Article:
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A Beginner’s Stab at Minimalism

***By “stab” I mean “attempt to streamline and curate my possessions”, not “attack minimalism with a fork.”

My complicated relationship with minimalism

Minimalism has been big topic in the blogosphere for the past year or so, coexisting nicely with other Generation-Y phrases such as “lifestyle design,” “location independence,” and “my life rocks and if you buy my ebook your life will too!” (okay, I made up the last one. That was a wee bit tongue-in-cheek!icon wink A Beginners Stab at Minimalism). There are many people I admire in the minimalism blogger space, such as Miss Minimalist, and Everyday Minimalist (aka FB!). Still, in certain circles the formula seem to be minimalism = empty rooms + lots of Apple toys.

Now, having said all of that, I might have to take a big swig of the humble juice, because I’ve realized that gosh, stuff takes up time and energy and space, and many times it’s stuff that I don’t really like or use. Yes, this is something I have realized in the past, and although I’ve been slowly decluttering, for some reason I seem to add just as much as I’ve cleared out.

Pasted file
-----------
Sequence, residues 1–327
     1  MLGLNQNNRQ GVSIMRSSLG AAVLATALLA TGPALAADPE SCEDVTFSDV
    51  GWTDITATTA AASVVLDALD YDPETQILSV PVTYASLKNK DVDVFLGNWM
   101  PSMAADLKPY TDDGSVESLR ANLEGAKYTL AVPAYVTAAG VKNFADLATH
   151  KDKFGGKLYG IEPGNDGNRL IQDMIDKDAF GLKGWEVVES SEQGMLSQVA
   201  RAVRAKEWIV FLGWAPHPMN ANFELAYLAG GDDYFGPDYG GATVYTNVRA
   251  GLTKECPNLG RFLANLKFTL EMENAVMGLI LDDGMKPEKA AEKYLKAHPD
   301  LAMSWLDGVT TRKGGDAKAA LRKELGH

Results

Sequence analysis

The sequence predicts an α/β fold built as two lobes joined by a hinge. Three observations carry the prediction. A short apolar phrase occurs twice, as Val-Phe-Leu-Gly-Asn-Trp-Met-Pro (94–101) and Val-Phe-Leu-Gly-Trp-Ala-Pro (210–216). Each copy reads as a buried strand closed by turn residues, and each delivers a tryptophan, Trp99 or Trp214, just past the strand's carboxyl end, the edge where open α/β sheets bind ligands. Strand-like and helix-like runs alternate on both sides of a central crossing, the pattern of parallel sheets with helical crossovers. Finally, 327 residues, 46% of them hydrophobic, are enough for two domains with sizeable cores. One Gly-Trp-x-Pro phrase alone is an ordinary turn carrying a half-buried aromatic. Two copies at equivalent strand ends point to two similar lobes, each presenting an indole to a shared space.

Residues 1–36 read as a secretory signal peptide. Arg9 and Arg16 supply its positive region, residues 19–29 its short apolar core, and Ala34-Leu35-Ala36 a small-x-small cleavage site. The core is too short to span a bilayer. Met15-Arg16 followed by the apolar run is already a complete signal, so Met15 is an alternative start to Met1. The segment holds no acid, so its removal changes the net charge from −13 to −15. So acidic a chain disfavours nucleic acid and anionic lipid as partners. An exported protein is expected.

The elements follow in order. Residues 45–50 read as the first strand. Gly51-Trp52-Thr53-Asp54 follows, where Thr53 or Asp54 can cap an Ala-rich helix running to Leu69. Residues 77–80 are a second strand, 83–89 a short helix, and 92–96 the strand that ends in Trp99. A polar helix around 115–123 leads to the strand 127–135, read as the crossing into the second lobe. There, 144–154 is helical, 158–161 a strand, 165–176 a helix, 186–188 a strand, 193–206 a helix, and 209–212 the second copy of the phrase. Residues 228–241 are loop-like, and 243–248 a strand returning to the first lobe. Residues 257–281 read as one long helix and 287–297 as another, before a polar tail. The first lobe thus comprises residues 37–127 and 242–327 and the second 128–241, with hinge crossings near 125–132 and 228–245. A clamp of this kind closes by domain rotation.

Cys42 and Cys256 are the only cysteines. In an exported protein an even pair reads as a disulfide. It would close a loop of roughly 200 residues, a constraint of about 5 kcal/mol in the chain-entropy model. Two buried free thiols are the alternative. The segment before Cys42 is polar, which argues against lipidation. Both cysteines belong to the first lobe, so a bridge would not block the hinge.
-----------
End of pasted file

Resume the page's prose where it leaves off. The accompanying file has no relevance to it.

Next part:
Maybe, instead of looking at minimalism with a skeptical eye, I should see what I can learn from these minimalists who have whittled down their things and have more time and money to do thing. So humble juice ingested, I present to you:

My 8 Steps to Semi-Minimalism

1. No more buying clothes without donating or selling an existing piece. I am using the 1-to-1 rule: one piece in, one piece out.
2. I am allowed to keep 20 copies of paper magazines (what can I say, I love flipping through magazines), but they must stay in their magazine holder when they are not being read.
3. No more buying kitchen appliances, cookware, or dishware. We have everything we need, and some we don’t (and never use).
4. No more buying accessories (I will make allowances for 3-4 pairs of stylish and comfortable shoes this year).
5. I will shred all the papers that I don’t need anymore, and file the rest away.
6. No more buying skincare products or makeup unless I run out of an item that I’ve used up.
7. No buying home decor items – we’d only have to lug whatever we buy in a few years anyway.
8. Maintain a collection of 30 books. Everything else I can borrow from the library.

I don’t want to set up “The Year of No Spending” or something of that sort. I also know that I don’t find particular pride in having 100 or 85 or 50 items that I own (even though I read with interest the accounting of some cool people). I would like to save money, and I think I should, if I am able to resist from buying things that don’t add much value to my life. But money – gasp – isn’t the primary reason of this little experiment.

I just want to want less, be happy and appreciate what I have, and focus more of my limited time and resources on what matters instead of what doesn’t. If minimalism will help me get there, why not?

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